• The third line of defence comprises checks and assurances independent of IHiS and our healthcare clusters, and independent of the first two lines of defence. MOH Holdings Group Internal Audit will continue to play this role. MOH also intends to commission and tap on independent third parties where appropriate.

The third aspect would be improving the cybersecurity awareness and capacity of staff. Starting this year, IHiS will engage specialist providers to conduct realistic hands-on “Cyber Range” simulation training to raise the competence of their security incident response personnel. IHiS also intends to learn from GovTech’s bug bounty and vulnerability disclosure programmes and start similar efforts.

Lastly, a tiered model of Internet access will be considered. In its report, the COI has recommended that an internet access strategy which minimises exposure to external threats should be implemented. Following the cyberattack, temporary Internet Surfing Separation (ISS) was implemented across Singapore’s public healthcare sector.

However, the implementation of the ISS has posed several challenges in the provision of patient care in some areas such as emergency care, decision-support for prescriptions and treatments, access to patient education resources, and booking of clinical appointments. ISS also caused delays to frontline patient management and backend administrative tasks. Research and education initiatives in the public healthcare institutions have also been impacted by ISS.

The current model of ISS is still workable but there needs to be longer-term solutions that are more efficient and sustainable. One such solution is the “virtual browser”, which allows access to the Internet through strictly controlled and monitored client servers. The client server acts like a decontamination room in which a file is opened and only an image/copy of the file is taken and sent to the recipient. In this manner, any malicious material or hidden content is ‘left behind’ in the decontamination room, greatly reducing cybersecurity risks.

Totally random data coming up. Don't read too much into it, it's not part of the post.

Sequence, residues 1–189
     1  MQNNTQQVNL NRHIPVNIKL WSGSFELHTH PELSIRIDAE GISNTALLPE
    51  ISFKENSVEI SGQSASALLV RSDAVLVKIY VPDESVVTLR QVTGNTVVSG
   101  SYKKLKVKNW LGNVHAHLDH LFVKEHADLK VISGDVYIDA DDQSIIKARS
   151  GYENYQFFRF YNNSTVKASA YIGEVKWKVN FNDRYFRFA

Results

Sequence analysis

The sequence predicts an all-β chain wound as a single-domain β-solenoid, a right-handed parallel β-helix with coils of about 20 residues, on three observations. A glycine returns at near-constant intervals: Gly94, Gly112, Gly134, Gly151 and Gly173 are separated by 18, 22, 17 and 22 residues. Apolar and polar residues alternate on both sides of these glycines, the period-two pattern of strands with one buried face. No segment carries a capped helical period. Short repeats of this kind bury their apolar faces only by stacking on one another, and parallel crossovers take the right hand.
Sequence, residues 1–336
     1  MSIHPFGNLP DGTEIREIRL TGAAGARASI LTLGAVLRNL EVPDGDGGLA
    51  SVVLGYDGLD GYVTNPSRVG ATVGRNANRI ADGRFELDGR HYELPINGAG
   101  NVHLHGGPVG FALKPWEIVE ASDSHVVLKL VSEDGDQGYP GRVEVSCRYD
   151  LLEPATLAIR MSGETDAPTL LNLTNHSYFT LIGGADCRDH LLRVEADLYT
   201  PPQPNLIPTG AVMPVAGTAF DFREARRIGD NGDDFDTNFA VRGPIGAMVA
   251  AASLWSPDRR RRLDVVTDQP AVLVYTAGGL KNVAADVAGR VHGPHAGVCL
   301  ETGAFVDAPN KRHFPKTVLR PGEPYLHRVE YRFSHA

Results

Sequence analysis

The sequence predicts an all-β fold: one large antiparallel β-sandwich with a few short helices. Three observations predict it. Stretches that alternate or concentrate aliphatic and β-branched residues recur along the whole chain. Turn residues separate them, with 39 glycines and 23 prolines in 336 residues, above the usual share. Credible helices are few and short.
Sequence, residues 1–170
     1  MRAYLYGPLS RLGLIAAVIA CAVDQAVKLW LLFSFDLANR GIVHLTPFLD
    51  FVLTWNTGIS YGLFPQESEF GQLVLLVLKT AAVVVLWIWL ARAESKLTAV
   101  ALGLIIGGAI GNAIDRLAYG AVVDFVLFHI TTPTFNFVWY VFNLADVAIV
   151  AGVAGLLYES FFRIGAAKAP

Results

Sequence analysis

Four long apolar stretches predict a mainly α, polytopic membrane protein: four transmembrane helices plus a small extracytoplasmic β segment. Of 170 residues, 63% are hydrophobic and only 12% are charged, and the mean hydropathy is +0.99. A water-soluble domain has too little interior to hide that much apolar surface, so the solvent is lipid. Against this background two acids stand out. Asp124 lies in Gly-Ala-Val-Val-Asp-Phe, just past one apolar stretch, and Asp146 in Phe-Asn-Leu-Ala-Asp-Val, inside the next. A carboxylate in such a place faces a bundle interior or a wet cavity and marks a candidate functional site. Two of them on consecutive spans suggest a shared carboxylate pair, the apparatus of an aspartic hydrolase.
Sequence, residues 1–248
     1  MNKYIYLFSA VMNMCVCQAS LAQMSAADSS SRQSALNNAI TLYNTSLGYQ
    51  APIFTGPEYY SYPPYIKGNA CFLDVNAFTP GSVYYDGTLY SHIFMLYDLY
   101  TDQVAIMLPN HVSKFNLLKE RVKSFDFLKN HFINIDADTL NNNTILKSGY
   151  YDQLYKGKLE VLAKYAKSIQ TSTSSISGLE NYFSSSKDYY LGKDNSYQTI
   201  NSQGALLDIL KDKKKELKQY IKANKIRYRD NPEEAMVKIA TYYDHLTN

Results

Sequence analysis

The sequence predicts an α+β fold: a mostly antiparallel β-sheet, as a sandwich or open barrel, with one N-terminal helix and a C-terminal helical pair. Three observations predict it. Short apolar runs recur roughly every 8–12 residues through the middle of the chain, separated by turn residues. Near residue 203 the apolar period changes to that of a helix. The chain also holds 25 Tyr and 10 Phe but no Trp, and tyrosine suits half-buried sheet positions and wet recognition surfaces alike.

This “virtual browser” pilot will begin in the first quarter in 2019 at the National University Health System. “Virtual browsers” will be deployed in selected job functions at selected departments and clinics. Some of the job roles participating in the pilot include frontline pharmacists, and emergency department clinicians.

The conduct and evaluation of the pilot is expected to take about 6 months and MOH will closely with the Cybersecurity Agency of Singapore (CSA) to assess the cybersecurity adequacy of the solution. The effectiveness of the Virtual Brower will also be assessed.

Mandatory contributions to the National Electronic Health Record (NEHR) system will continue to be deferred as it is undergoing a series of cybersecurity assessments conducted by the CSA, GovTech, and independent firm PwC. The NEHR will also be subject to further testing and reviews, including exercises to test its defences against targeted attacks, as well as business continuity and disaster recovery plans.